Not everyone who has cancer experiences pain. According to Professor Michael Herbst of the Cancer Association of South Africa (CANSA), roughly 50 percent of people who have treatment for cancer experience pain. If the cancer has come back or spread, about seven in 10 people experience pain.
"The way people feel and experience pain varies. Even people with the same type of cancer can have very different experiences," says Professor Herbst. The amount of pain that you experience is not necessarily related to the severity of the cancer and an increase in pain doesn't automatically mean that the cancer is getting worse.
Types of cancer pain
Cancer pain can result from the actual cancer or from the cancer treatment. Surgery is often painful and it takes time to recover. Radiation can leave behind painful scars or a burning sensation, and chemotherapy has many potentially painful side effects.
These are the kinds of pain you may experience:
- Nerve pain: Also known as neuropathic pain, this occurs when there is damage to or pressure on nerves and the spinal cord. It is often descried as burning, shooting, tingling or feeling as if something is crawling under your skin.
- Bone pain: When cancer damages the bone tissue, it can cause pain. This type of pain, which is also called somatic pain, is often described as aching, dull or throbbing.
- Soft tissue pain: Also known as visceral pain, this occurs when the cancer damages your organs or muscles. Sometimes the pain is referred – for example, a swollen liver might cause pain in your right shoulder because it presses on nerves that end in that shoulder. This type of pain can be difficult to pinpoint and is often described as sharp, cramping, aching or throbbing.
- Phantom pain: Cancer sometimes results in a body part – such as a breast – being removed. It is possible to feel pain in this body part even though it is no longer there.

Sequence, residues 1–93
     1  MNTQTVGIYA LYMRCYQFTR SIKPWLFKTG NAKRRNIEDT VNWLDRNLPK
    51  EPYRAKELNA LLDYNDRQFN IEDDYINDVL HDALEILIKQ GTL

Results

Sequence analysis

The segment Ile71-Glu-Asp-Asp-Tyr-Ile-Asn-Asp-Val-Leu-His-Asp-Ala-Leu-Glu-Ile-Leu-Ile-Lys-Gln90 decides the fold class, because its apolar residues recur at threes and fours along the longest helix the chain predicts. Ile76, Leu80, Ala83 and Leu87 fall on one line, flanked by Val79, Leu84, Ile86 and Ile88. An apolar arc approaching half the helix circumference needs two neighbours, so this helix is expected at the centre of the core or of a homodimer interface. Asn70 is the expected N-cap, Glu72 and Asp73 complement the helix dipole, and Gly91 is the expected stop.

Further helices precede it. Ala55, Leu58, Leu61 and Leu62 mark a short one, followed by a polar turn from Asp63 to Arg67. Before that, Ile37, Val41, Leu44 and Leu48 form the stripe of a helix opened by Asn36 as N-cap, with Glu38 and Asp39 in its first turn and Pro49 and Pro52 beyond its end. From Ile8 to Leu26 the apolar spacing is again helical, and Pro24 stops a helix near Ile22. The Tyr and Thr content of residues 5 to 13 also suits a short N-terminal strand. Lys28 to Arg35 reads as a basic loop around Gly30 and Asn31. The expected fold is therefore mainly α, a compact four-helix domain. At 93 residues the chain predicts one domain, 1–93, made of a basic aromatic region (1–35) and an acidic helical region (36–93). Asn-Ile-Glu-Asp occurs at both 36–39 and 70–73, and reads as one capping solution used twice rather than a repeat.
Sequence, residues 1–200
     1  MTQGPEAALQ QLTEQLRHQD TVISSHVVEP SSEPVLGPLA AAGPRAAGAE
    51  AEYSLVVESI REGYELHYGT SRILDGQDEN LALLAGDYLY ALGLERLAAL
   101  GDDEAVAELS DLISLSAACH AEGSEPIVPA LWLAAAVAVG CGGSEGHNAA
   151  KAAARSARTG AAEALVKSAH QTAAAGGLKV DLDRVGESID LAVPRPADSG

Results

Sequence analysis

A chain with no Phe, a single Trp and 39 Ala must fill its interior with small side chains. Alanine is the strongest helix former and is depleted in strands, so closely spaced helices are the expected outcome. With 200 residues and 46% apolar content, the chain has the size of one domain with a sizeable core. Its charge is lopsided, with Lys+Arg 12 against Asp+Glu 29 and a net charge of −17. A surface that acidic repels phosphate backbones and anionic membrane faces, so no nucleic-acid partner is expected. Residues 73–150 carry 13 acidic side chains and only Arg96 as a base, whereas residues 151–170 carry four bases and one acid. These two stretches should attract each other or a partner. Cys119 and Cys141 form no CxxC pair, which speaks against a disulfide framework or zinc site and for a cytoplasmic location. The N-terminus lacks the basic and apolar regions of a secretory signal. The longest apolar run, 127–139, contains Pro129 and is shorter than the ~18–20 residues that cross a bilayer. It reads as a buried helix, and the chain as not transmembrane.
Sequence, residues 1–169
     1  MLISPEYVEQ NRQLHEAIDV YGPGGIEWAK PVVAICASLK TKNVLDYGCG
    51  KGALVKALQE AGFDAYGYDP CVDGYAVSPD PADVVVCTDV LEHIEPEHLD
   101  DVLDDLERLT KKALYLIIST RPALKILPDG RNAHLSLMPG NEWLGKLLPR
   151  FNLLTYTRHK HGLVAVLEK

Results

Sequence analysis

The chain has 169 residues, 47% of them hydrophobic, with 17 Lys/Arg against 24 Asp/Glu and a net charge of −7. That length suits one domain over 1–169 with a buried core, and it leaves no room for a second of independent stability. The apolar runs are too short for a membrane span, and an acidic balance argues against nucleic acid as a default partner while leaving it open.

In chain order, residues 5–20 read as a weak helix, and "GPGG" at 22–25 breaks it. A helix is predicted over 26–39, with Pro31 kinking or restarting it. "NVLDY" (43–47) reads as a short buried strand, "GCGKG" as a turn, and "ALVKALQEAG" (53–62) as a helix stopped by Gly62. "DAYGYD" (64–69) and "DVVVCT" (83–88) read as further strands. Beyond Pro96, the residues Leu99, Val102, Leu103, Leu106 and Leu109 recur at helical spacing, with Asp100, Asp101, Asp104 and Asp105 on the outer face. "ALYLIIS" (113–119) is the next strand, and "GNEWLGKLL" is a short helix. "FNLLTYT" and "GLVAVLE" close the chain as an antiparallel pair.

Keep track of your pain
It is important to inform your doctor about any pain you might be experiencing because the earlier treatment is given for pain, the more effective it is. Pain that is not well managed can turn into chronic pain, so it is imperative to address it and for example, take pain medication as prescribed.
To keep track of your pain, your doctor may ask you to rate it on a scale of 0 to 10. It may help to keep a pain journal where you record when pain occurs, the type of pain, and whether or not the treatment provides relief.
How to manage your pain
Pain medication includes over-the-counter painkillers such as aspirin, acetaminophen and ibuprofen, weak opioid medications such as codeine, and strong opioid medications such as morphine and oxycodone.
Some people worry about taking stronger pain medications because they fear becoming addicted, however, people who take cancer pain medications as prescribed rarely become addicted to them.
It is important to keep your doctor informed about any medications you might be taking – even the over-the-counter variety – as they may interact negatively with your cancer treatment.
Alternative pain therapies that might help relieve your pain include acupuncture, acupressure, massage, physical therapy, relaxation and meditation.
How to cope with stress and anxiety
Pain is not only a physical sensation, Professor Herbst adds. “Emotions can make the pain better or worse. If one is anxious, one may feel more pain, and if one is relaxed, one may feel less pain," explains Herbst.
Strategies for managing the anxiety and stress brought on by the pain of cancer include counselling, attending support groups, physical exercise and relaxation exercises including meditation and visualisation.
For more info
Visit the CANSA website or call the helpline on 0800 22 66 22.
IMAGE CREDIT: 123rf.com